Rick Pitino: basketball savant, basketball survivor.
His name is mud in man caves and and saloons across New England. He is a bad memory of a dark time in Boston Celtics history. I mentioned him alongside M.L. Carr in a column carving up the 2021 Celtics a couple of weeks ago, and Carr objected, saying, “Do not put my name in the same paragraph with Rick Pitino.”
Pitino became a punch line in the college basketball world a few years ago after his latest scandal (this one involving an FBI investigation) got him bounced from a lucrative lifetime gig at Louisville. In addition, his 2013 NCAA championship at Louisville was vacated.
Still, Pitino could not quit, and his Basketball Jones took him to Athens. Like Michael Corleone in fictional exile in Sicily, real-life Pitino coached Panathinaikos for a season while things cooled down back in the States.
Now Pitino is back in the Big Dance with Iona, a school with a 1-14 lifetime NCAA Tournament record (the win was against Holy Cross when Jim Valvano and Jeff Ruland were Iona’s coach and star). Iona was the only NCAA school that would take a chance on Pitino. He is Norman Dale in “Hoosiers,” getting a shot at Hickory after nefarious activity banished him from every other coaching opportunity.
The Gaels barely got to know each other in COVID winter of 2020-21. They had two coronavirus shutdowns, one lasting 51 days and another that covered the final weeks of the regular season. Iona played only 13 regular-season games. Over one stretch of 76 days, the Gaels played five games.
They were the ninth seed in the low-major Metro Atlantic Conference but ran the table, winning four times in five days, and now they’re the 15th seed in the East Regional. They are scheduled to face second-seeded Alabama Saturday in the first round of March Madness. Do not count them out.
Pitino becomes the third coach to take five programs to the NCAA Tournament. He also has been in the Dance with Boston University, Providence, Kentucky, and Louisville — making the Final Four with the latter three programs.
His connections to New England are many.
He played his college ball at the University of Massachusetts, teaming with Al Skinner for three seasons. Pitino was on the UMass freshman team when Julius Erving wowed the basketball world at Curry Hicks Cage.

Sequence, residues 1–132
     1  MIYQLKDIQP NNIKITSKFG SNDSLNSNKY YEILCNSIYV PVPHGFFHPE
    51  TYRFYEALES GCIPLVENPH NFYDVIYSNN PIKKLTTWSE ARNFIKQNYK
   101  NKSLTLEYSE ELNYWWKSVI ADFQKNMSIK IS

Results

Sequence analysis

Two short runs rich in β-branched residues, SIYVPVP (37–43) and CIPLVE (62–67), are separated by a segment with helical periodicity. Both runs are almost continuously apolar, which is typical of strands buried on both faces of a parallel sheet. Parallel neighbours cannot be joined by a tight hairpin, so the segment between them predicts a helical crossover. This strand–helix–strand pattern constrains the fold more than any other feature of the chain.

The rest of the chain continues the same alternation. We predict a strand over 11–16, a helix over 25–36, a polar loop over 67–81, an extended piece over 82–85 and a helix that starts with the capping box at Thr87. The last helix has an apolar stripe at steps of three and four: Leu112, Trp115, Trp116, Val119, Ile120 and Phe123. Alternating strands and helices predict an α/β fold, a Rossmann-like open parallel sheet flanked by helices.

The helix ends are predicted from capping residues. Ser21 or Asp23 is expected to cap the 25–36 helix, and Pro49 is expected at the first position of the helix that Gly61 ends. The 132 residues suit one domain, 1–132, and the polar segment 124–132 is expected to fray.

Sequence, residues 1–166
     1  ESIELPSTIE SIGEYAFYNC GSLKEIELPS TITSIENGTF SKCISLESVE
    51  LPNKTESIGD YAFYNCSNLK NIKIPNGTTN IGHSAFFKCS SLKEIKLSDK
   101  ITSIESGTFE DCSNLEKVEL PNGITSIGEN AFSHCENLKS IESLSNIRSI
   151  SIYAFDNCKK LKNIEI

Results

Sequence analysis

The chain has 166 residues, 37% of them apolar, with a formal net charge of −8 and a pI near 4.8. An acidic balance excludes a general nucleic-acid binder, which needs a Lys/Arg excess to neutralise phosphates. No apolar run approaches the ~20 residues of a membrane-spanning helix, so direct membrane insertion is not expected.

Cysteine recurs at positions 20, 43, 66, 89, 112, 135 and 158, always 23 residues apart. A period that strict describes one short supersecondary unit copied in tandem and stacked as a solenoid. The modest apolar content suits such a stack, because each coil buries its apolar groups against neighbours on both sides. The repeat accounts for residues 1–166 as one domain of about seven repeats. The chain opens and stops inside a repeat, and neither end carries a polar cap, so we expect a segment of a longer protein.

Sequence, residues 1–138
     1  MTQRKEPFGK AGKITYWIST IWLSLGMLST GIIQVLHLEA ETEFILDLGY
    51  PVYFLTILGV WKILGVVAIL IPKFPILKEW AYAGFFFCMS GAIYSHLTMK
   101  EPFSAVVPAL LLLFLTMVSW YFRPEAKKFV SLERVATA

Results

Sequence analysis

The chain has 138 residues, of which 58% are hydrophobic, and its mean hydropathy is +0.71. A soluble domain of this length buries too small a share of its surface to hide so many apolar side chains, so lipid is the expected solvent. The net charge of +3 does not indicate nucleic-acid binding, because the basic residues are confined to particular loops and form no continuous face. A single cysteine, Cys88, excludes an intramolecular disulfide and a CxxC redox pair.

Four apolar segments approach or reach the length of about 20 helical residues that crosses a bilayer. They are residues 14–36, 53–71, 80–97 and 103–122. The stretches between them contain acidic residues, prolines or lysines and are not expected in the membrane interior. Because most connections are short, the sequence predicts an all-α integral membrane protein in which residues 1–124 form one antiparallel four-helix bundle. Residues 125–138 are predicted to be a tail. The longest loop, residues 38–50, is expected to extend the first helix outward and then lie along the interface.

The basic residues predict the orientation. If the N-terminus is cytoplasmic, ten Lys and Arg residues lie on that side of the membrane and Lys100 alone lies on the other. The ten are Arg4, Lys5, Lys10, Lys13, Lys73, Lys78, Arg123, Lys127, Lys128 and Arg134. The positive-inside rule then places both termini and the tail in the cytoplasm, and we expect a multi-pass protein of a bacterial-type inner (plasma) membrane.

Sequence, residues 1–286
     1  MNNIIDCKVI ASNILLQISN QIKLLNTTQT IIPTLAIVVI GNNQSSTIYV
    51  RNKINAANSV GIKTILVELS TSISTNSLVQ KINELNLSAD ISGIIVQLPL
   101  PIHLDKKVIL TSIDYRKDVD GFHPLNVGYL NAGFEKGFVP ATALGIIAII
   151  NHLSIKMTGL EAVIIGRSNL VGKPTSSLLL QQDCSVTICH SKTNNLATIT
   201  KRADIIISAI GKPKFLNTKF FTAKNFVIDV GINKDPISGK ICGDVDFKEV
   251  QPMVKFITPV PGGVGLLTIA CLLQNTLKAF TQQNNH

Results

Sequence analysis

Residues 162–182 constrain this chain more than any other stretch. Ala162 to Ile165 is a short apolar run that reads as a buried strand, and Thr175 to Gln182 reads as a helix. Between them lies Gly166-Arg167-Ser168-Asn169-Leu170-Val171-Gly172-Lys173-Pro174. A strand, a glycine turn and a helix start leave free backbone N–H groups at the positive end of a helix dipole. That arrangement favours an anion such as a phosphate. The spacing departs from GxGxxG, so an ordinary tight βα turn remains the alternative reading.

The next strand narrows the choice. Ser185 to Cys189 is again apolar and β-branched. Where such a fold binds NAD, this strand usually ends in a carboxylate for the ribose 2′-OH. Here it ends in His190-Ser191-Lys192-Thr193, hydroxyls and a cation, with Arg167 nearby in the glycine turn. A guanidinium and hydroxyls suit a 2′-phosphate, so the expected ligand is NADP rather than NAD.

Pitino worked as an assistant under Jim Boeheim at Syracuse before taking over as head coach at BU when he was 26 years old in 1978. His starting salary on Commonwealth Avenue was $19,500, but he also had unlimited use of a Renault LeCar, plus a one-time $2,000 tax-deductible moving expense.
He went 91-51 with the Terriers, sometimes complained about small crowds, and in 1982 sent me a letter on official Boston University Basketball stationery (embossed with his photo), tweaking me for my “sarcastic support” of the program.
“You probably would enjoy writing to a few hundred readers instead of the Boston Globe,” he teased. “I understand the Amsterdam News has an opening! (only kidding).”
Two years later, Pitino was Hubie Brown’s assistant coach at Madison Square Garden when the Knicks took the eventual world champion Larry Bird Celtics to a seventh game in the 1984 conference semifinals.
Three years after that, Pitino and star guard Billy Donovan took Providence to the Final Four. In 1996, Pitino’s Kentucky Wildcats — a team with Antoine Walker, Ron Mercer, and Walter McCarty — beat John Calipari’s UMass Minutemen in the Final Four at the Meadowlands. Pitino won an NCAA championship with those Wildcats, then came to Boston to “rescue” the Celtics in 1997.
His Celtic years are remembered much like Bobby Valentine’s term of office with the Red Sox. It was a total disaster from the start. Pitino came to Boston expecting to get Tim Duncan with the No. 1 pick in the draft, but the Celtics were unlucky in the lottery, and they wound up with the Nos. 3 and 6 picks, settling for Chauncey Billups and Mercer.
Pitino’s first game was a dramatic win over the world champion Michael Jordan Bulls on a Friday night at the Garden. The new coach rented out the top floor of The Fours on Canal Street after the win, but it was all downhill from there.
He traded Billups in February 1998 without giving him much of a chance, and the Celtics finished 36-46. He went 102-146 in 3½ seasons before quitting in 2001. His lasting gift to Boston sports: Pitino selected Paul Pierce with the 10th pick of the 1998 NBA draft.
On the other side of the ledger, Celtics fans rightfully never forgave Pitino for appropriating Red Auerbach’s title of “team president” and reducing Red to “vice chairman of the board” on the corporate masthead. Pitino returned fire in a famous postgame press conference when he announced that Bird, Robert Parish, and Kevin McHale were “not walking through that door,” then said, “The negativity in this town sucks.”
It was Pitino who described Boston sports fans as “the fellowship of the miserable.”
I always kind of liked that one.
Fast-forward to 2021 and Rick Pitino is back in the NCAA Tournament while Louisville sits at home and folks in Boston are once again on the outside looking in. Pitino remains a basketball savant and survivor, a major player in a world we will never know or fully appreciate.
Let the Madness begin.